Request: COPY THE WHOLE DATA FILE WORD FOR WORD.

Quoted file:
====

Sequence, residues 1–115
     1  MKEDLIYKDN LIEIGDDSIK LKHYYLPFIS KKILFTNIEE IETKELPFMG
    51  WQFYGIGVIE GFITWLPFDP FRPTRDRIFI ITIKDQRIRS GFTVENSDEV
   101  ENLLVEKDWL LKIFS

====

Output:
Sequence, residues 1–115
     1  MKEDLIYKDN LIEIGDDSIK LKHYYLPFIS KKILFTNIEE IETKELPFMG
    51  WQFYGIGVIE GFITWLPFDP FRPTRDRIFI ITIKDQRIRS GFTVENSDEV
   101  ENLLVEKDWL LKIFS